Where: Entrance off No: 5 Bryson Road (Estuary end) When: Arrive 9.50 a.m. for a 10 a.m. start… FREE BBQ from 12 noon
What we need you to bring: • Gardening gloves • Spade (narrow ones are best to dig planting holes) • Appropriate footwear and clothing for the conditions • Drink Bottle
We will provide hand sanitiser, soap and water. If you feel at all unwell, please stay at home!
20 August 2022
14 May 2022
The day began at the Oreti Links building with Sheryll Ashton, ICC Parks and Recreation Landscape Planner, explaining that ICC had contracted Boffa Miskell to bring together a Master Plan for Sandy Point for the next 30-50 years and it would be from this that the management plan would develop. Sheryll gave an overview of the Sandy Point area, which encompasses about 2,000ha of land, commenting that it was important to a lot of groups recreationally, as well as having some high ecological values, along with the exotic pine plantations and marram grass, which had been used in the past to enable sand stabilisation. She then asked us to write down our thoughts as to where we would like to see the area going in the future and these notes would be taken back to those pulling together ideas and recommendations for future management. Plenty of discussion followed with over 80 thoughts being noted.
Following lunch we ventured out, firstly to the area opposite the Mountain Bike Car Park. Lloyd Esler spoke about the fungi found here ( an introduced bolete associated with pine), before we walked down along the Oreti River. It was good to see a native remnant, the saltmarsh ribbonwood (Plagianthus divaricatus). Sheryll explained that the current policy for the ICC was to remove the older exotic trees along the river edge over time and replant with natives.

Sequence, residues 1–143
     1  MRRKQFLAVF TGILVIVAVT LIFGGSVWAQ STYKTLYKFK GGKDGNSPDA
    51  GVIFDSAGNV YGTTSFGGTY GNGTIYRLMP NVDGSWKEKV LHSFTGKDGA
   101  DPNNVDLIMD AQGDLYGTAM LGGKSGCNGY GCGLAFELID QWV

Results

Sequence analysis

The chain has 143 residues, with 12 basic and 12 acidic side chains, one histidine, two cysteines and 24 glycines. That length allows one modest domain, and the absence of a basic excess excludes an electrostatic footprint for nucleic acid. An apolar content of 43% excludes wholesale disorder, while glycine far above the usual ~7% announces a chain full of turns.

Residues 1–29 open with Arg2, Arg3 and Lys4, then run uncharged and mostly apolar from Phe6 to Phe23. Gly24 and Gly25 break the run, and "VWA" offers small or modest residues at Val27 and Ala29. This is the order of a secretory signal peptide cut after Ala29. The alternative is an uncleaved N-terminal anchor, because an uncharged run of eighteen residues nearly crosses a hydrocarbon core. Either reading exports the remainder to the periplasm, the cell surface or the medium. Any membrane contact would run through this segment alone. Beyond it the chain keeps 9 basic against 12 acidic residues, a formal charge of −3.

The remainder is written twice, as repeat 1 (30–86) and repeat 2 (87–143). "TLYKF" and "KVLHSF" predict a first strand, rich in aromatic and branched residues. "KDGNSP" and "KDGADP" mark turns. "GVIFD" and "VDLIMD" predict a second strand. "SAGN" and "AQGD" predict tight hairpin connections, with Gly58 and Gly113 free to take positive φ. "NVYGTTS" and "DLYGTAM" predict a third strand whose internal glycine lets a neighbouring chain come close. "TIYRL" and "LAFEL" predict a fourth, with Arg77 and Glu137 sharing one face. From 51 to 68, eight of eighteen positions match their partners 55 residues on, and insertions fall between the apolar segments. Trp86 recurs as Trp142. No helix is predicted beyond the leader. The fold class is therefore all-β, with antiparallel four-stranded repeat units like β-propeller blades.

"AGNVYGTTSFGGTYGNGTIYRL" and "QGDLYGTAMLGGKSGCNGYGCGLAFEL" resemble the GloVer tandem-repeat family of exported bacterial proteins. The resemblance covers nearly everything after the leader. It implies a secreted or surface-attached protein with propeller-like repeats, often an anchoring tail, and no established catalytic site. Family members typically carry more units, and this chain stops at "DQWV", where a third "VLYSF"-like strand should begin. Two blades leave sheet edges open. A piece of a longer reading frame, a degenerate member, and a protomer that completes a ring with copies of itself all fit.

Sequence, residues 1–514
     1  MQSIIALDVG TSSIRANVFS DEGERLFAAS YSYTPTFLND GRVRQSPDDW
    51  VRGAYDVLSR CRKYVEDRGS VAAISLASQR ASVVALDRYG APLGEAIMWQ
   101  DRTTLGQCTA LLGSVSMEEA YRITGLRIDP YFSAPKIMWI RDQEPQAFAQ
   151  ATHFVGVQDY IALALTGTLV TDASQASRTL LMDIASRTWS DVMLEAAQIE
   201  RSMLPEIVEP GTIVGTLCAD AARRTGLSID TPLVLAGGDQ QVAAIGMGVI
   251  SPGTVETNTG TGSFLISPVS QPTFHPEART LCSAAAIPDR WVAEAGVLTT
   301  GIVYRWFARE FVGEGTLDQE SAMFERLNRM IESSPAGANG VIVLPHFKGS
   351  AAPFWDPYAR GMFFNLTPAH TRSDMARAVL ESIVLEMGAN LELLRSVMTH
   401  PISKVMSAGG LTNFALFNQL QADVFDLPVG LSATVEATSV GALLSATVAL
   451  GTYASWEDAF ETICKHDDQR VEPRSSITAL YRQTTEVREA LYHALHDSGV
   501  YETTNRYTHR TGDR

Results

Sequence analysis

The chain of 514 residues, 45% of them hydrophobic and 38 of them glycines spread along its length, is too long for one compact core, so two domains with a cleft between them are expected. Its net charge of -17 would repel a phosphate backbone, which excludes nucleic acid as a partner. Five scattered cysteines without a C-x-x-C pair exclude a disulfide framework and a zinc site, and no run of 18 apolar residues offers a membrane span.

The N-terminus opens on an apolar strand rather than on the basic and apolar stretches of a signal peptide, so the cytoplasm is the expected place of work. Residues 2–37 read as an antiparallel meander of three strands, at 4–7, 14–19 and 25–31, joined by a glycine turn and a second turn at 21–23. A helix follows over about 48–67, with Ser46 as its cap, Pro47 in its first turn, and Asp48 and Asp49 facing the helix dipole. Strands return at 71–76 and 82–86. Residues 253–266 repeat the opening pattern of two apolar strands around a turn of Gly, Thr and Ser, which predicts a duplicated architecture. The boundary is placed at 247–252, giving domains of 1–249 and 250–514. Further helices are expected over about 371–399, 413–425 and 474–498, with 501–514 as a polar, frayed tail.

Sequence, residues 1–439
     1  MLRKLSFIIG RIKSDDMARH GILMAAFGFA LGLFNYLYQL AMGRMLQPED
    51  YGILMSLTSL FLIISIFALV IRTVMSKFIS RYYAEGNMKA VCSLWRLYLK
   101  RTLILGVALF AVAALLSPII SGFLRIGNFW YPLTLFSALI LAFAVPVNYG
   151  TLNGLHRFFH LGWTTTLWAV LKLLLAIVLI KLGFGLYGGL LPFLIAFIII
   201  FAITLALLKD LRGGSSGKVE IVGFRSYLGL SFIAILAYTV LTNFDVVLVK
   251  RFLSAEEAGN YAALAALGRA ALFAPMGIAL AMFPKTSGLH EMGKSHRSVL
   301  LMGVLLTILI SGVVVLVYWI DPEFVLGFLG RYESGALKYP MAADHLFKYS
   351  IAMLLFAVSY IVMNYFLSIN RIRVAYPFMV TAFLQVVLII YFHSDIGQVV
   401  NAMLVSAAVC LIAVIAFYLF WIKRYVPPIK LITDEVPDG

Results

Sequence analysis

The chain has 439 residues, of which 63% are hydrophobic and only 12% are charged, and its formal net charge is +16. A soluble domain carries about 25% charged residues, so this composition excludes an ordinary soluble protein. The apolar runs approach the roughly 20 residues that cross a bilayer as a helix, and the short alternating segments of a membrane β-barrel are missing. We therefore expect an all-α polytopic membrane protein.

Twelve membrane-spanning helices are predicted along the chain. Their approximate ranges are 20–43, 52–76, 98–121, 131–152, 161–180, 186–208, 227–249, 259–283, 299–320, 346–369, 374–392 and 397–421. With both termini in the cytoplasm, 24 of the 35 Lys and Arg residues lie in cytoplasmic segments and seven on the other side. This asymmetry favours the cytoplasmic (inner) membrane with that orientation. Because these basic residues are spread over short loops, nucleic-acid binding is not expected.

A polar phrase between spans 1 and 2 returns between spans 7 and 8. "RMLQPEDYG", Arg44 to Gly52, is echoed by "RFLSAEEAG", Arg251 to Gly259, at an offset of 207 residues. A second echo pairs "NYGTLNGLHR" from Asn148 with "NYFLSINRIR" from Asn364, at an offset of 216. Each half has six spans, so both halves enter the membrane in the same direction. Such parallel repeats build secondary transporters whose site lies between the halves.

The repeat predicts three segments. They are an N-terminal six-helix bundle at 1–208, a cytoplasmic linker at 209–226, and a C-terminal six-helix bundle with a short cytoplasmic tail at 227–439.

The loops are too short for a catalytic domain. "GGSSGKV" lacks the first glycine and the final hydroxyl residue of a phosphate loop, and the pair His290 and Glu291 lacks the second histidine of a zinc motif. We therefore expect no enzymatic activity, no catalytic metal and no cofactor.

It was then on to the Rover Track, where we had visited on a SERN trip in 2005. At that point pines had been removed not long since and some native plantings had been undertaken, along with natural regeneration being in evidence. There was discussion about the idea of native screen plantings along the track, leaving the areas behind to regenerate naturally over time, with gorse and broom potentially becoming a nurse crop.
A stop at Daffodil Bay gave naturalist, Lloyd Esler the chance to explain that our biodiversity values are not just threatened locally, explaining that the migration of the godwit and other northern hemisphere birds was declining due to alterations to the habitats they stop over at in Korea and China.
The final stop was at Christies Track, by the Oreti Beach. Here Brian Rance, DOC botanist, described the high value of the Sandy Point area, which had totara forests on sand dunes, a nationally rare ecosystem. Along with that was the dune system and wetland systems, making it a diverse environment. A walk to the beach revealed a specimen of pingao, whether planted or naturally occuring was unknown, however the vision of a section of the dunes beachside being returned to pingao was one many felt worthy of pursuing.
Thanks to Sheryll for her running of the day and to all those who contributed along the way. Also thanks to ICC for the use of the Links building.